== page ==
Those with a negative outlook, expect mainly sales-related difficulties without a CRM system. According to 77%, this would result in less successful sales efforts, since one would not be able to adequately exploit potential sales without a CRM system. In addition, nearly three-quarters think that they would be lacking systematics in targeting customers and that they would be unable to keep their customer data transparent and in order. Two-thirds of the interviewees named similar problems in lead management and sales processes, which would be much more sophisticated without CRM. Further negative consequences anticipated without CRM include considerable impairment of campaign management and declining customer retention. Moreover, sales forecasts would be possible to a very limited degree only.
“The implicitness of CRM in user practice is no accident,” said Mario Pufahl, partner and member of the management board of ec4u, when interpreting the survey findings. “By now, CRM belongs to the established set of absolutely essential business tools like mobile phones and the Internet, for example. No one questions the need for mobile phones and the Internet, as their usage results from relevant needs.” Pufahl is referring to complex needs in managing customer relationships versus the dependency of a company’s success on high performance sales. These two needs could not be fulfilled anymore, without powerful and adequate support.
CRM 2.0 barometer
Social networking functionality becomes a necessity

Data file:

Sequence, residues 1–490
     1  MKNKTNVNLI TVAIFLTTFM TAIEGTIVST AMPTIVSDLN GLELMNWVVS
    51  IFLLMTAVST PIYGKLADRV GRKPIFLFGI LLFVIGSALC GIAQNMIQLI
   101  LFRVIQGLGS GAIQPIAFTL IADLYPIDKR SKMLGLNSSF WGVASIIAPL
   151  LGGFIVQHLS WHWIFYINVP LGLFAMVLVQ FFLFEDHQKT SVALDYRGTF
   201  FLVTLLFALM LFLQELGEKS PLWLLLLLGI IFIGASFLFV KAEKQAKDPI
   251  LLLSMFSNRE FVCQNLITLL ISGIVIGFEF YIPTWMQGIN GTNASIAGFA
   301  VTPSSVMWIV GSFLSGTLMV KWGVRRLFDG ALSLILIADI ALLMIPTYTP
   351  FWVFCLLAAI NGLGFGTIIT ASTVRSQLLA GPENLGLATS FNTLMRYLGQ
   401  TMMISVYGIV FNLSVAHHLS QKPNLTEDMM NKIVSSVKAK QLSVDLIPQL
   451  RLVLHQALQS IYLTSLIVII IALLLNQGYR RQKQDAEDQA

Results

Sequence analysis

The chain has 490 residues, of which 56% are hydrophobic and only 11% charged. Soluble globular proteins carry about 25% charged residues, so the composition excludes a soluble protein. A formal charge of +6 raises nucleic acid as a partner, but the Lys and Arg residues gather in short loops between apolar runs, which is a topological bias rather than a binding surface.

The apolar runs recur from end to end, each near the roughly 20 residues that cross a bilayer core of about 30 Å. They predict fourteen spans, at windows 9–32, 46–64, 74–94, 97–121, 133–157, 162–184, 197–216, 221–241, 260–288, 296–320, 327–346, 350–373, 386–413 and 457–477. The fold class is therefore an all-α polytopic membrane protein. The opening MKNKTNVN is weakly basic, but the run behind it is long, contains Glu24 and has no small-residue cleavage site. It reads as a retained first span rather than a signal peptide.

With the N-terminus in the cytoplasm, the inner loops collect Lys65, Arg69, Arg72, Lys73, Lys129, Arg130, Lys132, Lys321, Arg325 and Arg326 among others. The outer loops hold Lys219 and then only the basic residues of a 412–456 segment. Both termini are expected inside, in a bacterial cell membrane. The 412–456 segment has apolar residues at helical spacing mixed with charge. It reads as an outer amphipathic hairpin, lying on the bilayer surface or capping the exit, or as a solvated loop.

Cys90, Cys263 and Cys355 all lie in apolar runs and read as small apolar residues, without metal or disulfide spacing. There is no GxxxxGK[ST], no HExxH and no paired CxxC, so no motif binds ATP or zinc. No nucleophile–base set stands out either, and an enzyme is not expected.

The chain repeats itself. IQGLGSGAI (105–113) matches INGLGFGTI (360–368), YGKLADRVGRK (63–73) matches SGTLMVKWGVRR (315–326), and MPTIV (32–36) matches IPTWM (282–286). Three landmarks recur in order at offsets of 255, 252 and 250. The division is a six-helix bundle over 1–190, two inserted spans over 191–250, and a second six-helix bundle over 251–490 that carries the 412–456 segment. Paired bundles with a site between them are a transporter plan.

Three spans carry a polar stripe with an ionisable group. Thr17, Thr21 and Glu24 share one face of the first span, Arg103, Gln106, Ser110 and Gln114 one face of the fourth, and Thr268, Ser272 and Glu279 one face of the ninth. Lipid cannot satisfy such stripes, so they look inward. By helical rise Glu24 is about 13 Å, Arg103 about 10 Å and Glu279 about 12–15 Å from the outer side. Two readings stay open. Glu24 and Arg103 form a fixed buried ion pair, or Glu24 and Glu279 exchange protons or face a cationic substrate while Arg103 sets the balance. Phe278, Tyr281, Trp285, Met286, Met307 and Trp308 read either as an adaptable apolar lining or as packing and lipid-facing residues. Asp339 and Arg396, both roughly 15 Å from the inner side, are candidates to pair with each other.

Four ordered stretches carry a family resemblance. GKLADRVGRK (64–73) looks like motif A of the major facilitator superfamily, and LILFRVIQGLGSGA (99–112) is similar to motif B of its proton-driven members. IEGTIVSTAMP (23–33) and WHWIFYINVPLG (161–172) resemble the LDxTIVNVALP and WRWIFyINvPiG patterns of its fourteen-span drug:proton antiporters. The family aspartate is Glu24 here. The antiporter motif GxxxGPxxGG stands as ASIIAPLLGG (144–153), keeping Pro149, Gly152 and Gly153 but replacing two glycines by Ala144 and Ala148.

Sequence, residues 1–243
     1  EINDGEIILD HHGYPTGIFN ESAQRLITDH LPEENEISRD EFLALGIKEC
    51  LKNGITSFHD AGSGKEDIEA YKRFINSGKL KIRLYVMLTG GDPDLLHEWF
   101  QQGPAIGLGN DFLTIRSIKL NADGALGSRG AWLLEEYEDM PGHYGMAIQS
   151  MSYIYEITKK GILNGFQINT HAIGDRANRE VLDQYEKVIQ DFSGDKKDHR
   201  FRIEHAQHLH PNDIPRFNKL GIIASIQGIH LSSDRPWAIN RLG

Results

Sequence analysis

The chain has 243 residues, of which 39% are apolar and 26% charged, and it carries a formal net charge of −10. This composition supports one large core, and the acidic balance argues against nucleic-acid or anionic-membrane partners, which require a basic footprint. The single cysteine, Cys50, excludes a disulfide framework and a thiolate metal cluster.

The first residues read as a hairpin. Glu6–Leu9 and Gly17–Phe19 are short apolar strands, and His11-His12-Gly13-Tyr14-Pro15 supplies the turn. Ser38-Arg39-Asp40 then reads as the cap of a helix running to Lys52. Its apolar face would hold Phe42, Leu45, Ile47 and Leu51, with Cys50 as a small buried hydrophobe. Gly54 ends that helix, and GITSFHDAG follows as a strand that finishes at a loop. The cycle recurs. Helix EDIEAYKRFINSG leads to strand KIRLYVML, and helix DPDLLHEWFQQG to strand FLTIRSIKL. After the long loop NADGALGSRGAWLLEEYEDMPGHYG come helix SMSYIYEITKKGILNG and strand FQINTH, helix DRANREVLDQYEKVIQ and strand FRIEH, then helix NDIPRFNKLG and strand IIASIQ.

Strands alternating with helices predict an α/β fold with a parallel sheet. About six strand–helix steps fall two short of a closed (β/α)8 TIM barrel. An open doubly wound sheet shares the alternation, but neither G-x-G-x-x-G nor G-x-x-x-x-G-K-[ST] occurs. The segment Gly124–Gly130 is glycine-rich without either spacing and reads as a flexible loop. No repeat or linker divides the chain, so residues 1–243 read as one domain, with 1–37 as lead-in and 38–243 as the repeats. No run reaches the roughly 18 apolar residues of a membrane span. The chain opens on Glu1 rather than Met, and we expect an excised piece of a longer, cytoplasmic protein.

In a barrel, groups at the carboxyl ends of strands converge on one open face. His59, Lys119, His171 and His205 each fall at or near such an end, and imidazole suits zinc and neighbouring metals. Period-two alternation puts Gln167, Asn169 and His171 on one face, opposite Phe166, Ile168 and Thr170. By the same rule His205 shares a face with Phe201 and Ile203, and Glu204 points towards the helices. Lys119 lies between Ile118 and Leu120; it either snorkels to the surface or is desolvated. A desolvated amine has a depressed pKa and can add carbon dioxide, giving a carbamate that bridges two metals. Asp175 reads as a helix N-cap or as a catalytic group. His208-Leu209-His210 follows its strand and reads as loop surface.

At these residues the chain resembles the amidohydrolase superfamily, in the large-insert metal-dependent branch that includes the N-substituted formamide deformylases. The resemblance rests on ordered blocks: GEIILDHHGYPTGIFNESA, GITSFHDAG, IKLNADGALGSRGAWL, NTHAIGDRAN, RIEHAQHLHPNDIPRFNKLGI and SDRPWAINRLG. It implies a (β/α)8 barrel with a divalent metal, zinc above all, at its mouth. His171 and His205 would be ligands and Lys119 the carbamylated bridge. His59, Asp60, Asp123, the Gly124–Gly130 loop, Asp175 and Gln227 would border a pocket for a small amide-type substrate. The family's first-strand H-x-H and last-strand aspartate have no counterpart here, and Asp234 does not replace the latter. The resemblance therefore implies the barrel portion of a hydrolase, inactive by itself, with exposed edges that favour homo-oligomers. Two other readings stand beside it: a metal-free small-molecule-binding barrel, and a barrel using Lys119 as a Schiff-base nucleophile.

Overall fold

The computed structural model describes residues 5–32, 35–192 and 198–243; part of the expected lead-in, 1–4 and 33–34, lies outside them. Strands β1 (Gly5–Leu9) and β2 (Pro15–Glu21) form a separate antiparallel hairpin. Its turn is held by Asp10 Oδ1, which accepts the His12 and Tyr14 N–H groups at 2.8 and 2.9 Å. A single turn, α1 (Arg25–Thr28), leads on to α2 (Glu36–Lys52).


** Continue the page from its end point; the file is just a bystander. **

Since 2008, ec4u expert consulting ag has been doing a comparative study to determine the requirements for next-generation CRM systems. The functional profile of CRM 2.0 is supposed to promote sales support more than control functionalities.
Marketing and sales managers in German companies are increasingly focusing on next-generation CRM systems. According to the CRM 2.0 barometer of ec4u expert consulting ag, more than 70 percent of the 200 interviewees stated that new solutions should be characterized by additional Internet, mobile, and networking functionalities. Two years ago, significantly fewer interviewees asked for these requirements. Nearly one of three companies imagines switching to systems with CRM 2.0 features within the next two years, reflecting the change in demand.
This change stems from a demand for functionalities that former CRM solutions cannot provide or only to a limited extent. Thus, 82% of the interviewees (5% more than in 2009), feel that CRM solutions should be better linked to mobile systems like laptops, PDAs and BlackBerrys, along with better integration of CRM in the Web. Direct access via RSS feeds, iGoogle, newsletters, etc. to information regarding companies of customers, relevant contact persons, and market situations, which can be used for sales purposes, are most important for 83 percent. In 2008, a significantly lower percentage of companies (just 68%) stated this requirement.
The interest in social networking functionalities developed alike: four out of five sales and marketing managers expect CRM 2.0 to provide features supporting business communities. This corresponds to an increase of 17% over the comparative study done two years ago.
At the same time, one expects next-generation CRM systems to offer better sales support than today’s systems. Three out of four interviewees prefer automated order forecasts. Nearly two-thirds also expect sales staff person to be provided specific suggestions for leads. However, the interest in this feature, as well as in the ability to provide follow-ups for individual users, has been declining over the years. In contrast, a bigger interest evolved in comprising data access. Currently 63% want this feature, which is an increase of 9% since 2008. In addition, easier handling and enhanced user friendliness of the CRM system is important to more and more persons responsible for CRM .